Tatsu has given up everything — betrayed his people, his queen, his friends — to save Yudai, the Runon prince whose very magic threatened to destroy the kingdom of Chayd. When he discovered that the Queen of Chayd wanted to use Yudai’s corrupted and dangerous magic against Runon in vengeance, Tatsu had no choice. Even if he hadn’t been half in love with the tormented prince, he wouldn’t let anyone suffer such pain and misery again, not when he could do something to stop it.
Now the two of them are running, hunted by the armies of both Chayd and Runon. Mercenaries have been hired to capture Prince Yudai, to return him to a life of perpetual torture and pain so that others may make use of his magic, turning the deadly power of the life siphon on to rival kingdoms. With little hope and in blind desperation, Tatsu and Yudai head across the mountains into the kingdom of Joesar, plunging into the unfamiliar deserts in the hopes of finding help. Help for a prince in exile and perhaps answers for the dangerous magic, which is only growing stronger.
With Jotin, son of a ranking member of Joesar’s High Council, as their guide through the desert, the Runon mage Leil, and the sisters Ral and Alesh, there’s almost enough of them to have a chance of survival, but the mercenaries are everywhere and time is running out. If Yudai can’t learn to control his magic, his magic will control him. The Life Siphon is powerful, dangerous, and hungry.
This is the second book in the Life Siphon duology, and while it can be read on it’s own, reading the first book helps you gain greater understanding of the story and the characters, as well as explaining in a little more detail how the magic of this world actually works. While I did enjoy the first book, the second book is much stronger, allowing us to truly get to know and understand both Tatsu and Yuai. In a sense, this is a coming of age story, for all that Yudai and Tatsu are grown men, as both the prince and the hunter have to learn to look past themselves to see and sympathize with other people.
When Tatsu is struck down by venomous scorpions in the middle of a dangerous sand storm, Yudai is forced to face his inability to do anything. His magic has been so strongly warped as it did everything it could to save him from the poisons and torture Nota, his father’s high mage, put him through. It’s no longer something he can control; only when he’s hurt or in danger himself will the magic come forth. When Tatsu is injured, nearly dead… Yudai can do nothing but watch.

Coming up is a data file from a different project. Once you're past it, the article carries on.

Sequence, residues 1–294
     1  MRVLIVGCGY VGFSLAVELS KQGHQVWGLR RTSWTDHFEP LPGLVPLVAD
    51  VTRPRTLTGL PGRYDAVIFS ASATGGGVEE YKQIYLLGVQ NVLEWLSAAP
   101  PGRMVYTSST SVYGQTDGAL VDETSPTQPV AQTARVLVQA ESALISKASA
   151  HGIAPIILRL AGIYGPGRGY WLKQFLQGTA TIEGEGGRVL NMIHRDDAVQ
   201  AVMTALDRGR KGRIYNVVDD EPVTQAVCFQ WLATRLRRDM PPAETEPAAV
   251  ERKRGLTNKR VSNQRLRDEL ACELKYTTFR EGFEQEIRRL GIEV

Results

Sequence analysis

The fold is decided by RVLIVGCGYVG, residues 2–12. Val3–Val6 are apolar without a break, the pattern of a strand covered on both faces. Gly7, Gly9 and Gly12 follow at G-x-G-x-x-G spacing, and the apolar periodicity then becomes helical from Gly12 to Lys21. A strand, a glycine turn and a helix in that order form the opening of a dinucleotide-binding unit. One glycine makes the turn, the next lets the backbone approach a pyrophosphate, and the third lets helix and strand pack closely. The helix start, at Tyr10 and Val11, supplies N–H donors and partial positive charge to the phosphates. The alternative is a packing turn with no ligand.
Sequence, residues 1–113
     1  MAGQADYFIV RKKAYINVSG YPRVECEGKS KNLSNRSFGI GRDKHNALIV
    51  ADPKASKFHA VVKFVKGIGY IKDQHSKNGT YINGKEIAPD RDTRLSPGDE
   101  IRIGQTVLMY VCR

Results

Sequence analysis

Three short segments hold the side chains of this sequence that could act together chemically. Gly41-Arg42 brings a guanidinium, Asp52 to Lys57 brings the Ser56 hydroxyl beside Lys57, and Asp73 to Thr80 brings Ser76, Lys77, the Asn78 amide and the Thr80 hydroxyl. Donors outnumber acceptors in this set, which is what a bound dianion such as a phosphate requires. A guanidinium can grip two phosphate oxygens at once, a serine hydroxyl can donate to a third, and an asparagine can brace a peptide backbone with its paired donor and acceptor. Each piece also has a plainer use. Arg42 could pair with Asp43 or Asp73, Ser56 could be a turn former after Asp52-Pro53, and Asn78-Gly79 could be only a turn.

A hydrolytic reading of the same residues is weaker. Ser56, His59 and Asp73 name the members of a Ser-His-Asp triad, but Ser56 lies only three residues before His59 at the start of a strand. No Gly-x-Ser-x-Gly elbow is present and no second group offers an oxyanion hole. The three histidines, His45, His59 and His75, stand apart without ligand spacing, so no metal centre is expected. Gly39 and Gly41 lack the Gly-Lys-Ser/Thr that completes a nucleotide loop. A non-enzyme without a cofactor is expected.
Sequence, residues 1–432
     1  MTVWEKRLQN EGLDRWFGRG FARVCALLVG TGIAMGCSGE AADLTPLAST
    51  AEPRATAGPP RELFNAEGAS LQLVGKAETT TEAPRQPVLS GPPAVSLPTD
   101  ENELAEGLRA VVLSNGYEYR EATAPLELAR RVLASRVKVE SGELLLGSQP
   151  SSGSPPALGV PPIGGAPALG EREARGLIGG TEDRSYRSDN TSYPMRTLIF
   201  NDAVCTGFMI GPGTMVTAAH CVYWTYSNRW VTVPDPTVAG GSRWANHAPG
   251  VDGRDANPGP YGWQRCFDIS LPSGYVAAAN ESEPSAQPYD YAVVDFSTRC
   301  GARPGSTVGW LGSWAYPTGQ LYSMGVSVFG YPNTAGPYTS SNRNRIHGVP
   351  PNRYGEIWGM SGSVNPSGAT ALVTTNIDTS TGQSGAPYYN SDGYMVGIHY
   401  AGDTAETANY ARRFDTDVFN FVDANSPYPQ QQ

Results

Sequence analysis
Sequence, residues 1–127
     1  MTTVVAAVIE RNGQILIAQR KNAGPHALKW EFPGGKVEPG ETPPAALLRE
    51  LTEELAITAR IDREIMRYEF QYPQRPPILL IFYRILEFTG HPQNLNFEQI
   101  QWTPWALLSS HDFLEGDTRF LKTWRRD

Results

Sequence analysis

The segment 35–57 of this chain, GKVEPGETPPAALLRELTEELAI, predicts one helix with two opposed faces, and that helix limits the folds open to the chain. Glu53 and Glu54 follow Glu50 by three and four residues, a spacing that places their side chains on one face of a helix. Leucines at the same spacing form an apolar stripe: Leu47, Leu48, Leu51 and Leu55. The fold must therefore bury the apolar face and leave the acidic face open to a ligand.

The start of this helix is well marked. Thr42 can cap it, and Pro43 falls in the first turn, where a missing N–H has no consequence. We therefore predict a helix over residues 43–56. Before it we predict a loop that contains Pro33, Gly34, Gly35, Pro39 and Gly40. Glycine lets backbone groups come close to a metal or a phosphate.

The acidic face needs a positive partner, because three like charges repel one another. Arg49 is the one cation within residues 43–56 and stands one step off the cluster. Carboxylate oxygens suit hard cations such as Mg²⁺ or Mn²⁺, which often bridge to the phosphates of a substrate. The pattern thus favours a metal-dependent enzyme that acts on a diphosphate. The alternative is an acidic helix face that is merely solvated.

Again and again Yudai acknowledges that he says things in anger that he doesn’t mean, like yelling at Tatsu, threatening people, or just being a bit of a jerk. He doesn’t exactly apologize, but Yudai does have a right to his anger. When he was a young man, he was the heir, the crown prince, the favored and favorite until his father and the mage Nota chained him to a chair and dosed him with potions and poisons, torturing him until his magic rose to protect him. They humiliated him, used him, turned him into a thing that was only aware of pain and more pain rather than a person and it’s only been weeks — at most a few months — since he was first freed from that chair. He’s angry, he’s hurt, and he is struggling to work past and through everything that’s happened to him.
Tatsu knows this and forgives Yudai again and again. He’s not angry when Yudai lashes out, though he does get hurt. He made his choice to follow the Runion Prince, and he’d make it again. Tatsu watches Yudai whenever he gets the chance, wants to be in his company, and — when others suggest sleeping in a different tent or at a distance away, afraid of his power — Tatsu is confident enough to stay beside Yudai. Even while doting on the prince Tatsu is grieving himself; like Yudai, he’s lost a father. His father, however, was already dead. It’s the memory of the man, a man who lied to him about everything, that he has to accept.
Both his mother and father were ideals held in Tatsu’s heart: a perfect father who loved him and wanted to protect him from the dangers of a world that wouldn’t understand a half-breed child, a mother who surely didn’t mean to give him away, but did so for his own safety. Instead, his father was a bitter man who, lost in his own pain, lied to Tatsu and kept him isolated from anyone and everyone in their small city so that he and only he could have power over his son. His mother is a horrible, cruel monster who tortured Yudai and cares nothing for Tatsu who, unlike his half brother, was born without magic. She threw him away because he wasn’t perfect, and that’s a pain and a shame he doesn’t know quite how to deal with.
Both Tatsu and Yudai turn to each other for balm, for someone to ease the pain of solitude they have both been shrouded in as they both wrestle with their pain. While the story is told from Tatsu’s point of view, we still see signs of what Yudai feels for him in the way Yudai looks at him, hovers near him, reaches for him. The two of them are so careful with each other, each not wanting to cause the other more pain, and yet Tatsu shows, again and again — through words and actions — that he is Yudai’s, will always be Yudai’s. When others try to make decisions for Yudai, Tatsu reminds them it’s the prince’s choice, the prince’s body, and Tatsu won’t let them take that autonomy away from him.
It’s a slow build up from friendship to something more, but even when they fight there is no doubt that Tatsu and Yudai love one another. Both of them still carry so much pain, but together they have the ability to heal. They are flawed men and they are in no way finished overcoming their personal pain, which is why I regret that there isn’t likely to be a third book. I loved the world building, the writing, and the characters. If you enjoyed the first book you need to give the sequel a try.